Projection can be an obvious manipulation tactic and is also used to control, along with shaming and blaming others into shutting up allowing for continuance to keep on doing as they wish. Therefore, the clearer you see yourself in awareness and knowledge in relation to others is the best and safest you can be in this regard.
Concerning defensiveness, awareness will need to be done layer by layer. Because feelings of defensiveness can trigger intense denial, anger and the feeling that you want to reject the person, words, experience or situation. You may actually do this by cutting them out of your life. As you point the finger at them away from self either in deflection or projection as you try to shame and blame. Because they are too close to revealing the truth. That will break open or shatter your image of self. That which you believe you must hold onto in order to make you ‘feel’ and ‘appear’ what you ‘think’ is ‘safe’. Something is shaking up your status quo and your mechanisms of defense don’t like it and will fight like hell to stop being exposed and to not feel the emotional pain. The defended belief system is a major block that keeps truth and subsequently peace, love and joy away.
Dig really deep to become aware of why you are defensive; look at yourself honestly, don’t be afraid to feel the pain. Pain is part of living. If and when you allow yourself to get into the feelings and the imprint that is being triggered, you will be able to more easily see why you became defensive and then release it. Why are you afraid of being judged? Why does it bother you so intensely? It wouldn’t bother you if you felt and were secure in self.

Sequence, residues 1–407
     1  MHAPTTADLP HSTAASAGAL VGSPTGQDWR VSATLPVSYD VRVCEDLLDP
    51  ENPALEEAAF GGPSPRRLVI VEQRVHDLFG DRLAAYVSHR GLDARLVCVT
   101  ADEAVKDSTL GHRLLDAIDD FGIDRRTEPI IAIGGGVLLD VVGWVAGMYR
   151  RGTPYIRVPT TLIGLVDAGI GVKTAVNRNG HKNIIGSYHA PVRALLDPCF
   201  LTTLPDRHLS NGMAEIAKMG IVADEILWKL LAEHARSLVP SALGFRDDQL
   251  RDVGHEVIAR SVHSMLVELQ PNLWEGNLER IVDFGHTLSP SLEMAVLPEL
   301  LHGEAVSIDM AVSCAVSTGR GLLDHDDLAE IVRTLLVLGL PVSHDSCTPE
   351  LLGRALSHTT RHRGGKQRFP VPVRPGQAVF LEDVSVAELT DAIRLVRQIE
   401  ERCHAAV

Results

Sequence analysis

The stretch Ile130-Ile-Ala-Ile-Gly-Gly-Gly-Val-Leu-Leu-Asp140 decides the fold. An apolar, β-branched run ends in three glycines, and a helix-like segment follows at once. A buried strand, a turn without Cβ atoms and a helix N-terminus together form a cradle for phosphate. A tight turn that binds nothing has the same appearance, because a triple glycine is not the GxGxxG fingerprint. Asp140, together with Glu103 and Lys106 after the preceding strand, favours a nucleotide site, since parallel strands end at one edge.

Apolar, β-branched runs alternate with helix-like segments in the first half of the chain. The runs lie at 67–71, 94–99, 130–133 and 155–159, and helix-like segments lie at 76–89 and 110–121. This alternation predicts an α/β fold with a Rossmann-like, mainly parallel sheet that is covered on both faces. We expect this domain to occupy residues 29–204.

Understand that being defensive is usually because you are not feeling good enough, feeling flawed, unworthy or uncertain and someone has gotten dangerously close to revealing it. So you try to do everything in your power to defend self. But what you are actually doing is defending your right to stay stuck, blocked and cut off from self growth, truth and ultimately healing and happiness. The longer you stay in denial and defense, the longer you will stay blocked. The quicker you break through denial and defense, the faster you will feel free.
It takes bravery to break through defenses. This is why it’s so prevalent in our world today and why so many make statements such as: ‘Don’t judge me. You have no right to ‘judge’ me. Who are you to ‘judge’ me?’ Comments such as these are defense mechanisms on over drive and come from persons not integrated and at acceptance of self. People who react in this manner are living in insecurity, intellectual denial and emotional pain. Their defensiveness concerning the fear of being judged by others clearly reveals this. They may as well be screaming, ‘I am insecure, am weak, feel unworthy, am really not sure of what I believe or what I am saying or doing. So don’t put it in my face because I am too weak and frightened to look at it or myself.’ They will then deflect or project trying to point the finger outside of their self by shaming and blaming those who have triggered their deep seated issues and insecurity.
Blaming is actually a form of giving your power away. When you blame, it is saying or admitting ‘they’ have power over you concerning the way you react, feel and behave. Therefore, you are admitting that someone else is so powerful as to control your feelings, mood and even your very being. So how weak does that show you as being?
Some people will even defend the indefensible as in someone may commit an actual crime and their mother may say, “Oh, it was just his circumstances. He hung out with the wrong crowd.”